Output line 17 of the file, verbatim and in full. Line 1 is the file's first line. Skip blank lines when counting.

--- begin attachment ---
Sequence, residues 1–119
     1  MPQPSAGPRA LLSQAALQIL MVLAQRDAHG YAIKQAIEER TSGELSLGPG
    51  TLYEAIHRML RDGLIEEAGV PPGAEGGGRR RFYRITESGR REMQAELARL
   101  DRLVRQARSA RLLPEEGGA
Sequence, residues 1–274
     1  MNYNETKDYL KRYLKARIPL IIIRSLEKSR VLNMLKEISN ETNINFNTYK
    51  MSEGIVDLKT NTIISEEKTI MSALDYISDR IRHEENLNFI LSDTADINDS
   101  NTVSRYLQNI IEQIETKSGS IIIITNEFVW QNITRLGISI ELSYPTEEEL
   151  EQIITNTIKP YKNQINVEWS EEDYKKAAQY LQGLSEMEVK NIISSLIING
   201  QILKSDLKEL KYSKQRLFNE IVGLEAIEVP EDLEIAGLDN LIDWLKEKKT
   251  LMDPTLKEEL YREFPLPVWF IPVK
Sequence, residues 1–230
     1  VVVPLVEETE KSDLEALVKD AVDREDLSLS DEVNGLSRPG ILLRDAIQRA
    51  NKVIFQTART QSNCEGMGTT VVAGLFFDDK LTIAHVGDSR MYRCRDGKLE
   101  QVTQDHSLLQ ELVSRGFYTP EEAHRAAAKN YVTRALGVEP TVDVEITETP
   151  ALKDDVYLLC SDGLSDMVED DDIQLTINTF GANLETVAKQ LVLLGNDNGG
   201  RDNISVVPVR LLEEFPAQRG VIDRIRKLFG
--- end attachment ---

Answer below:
   201  RDNISVVPVR LLEEFPAQRG VIDRIRKLFG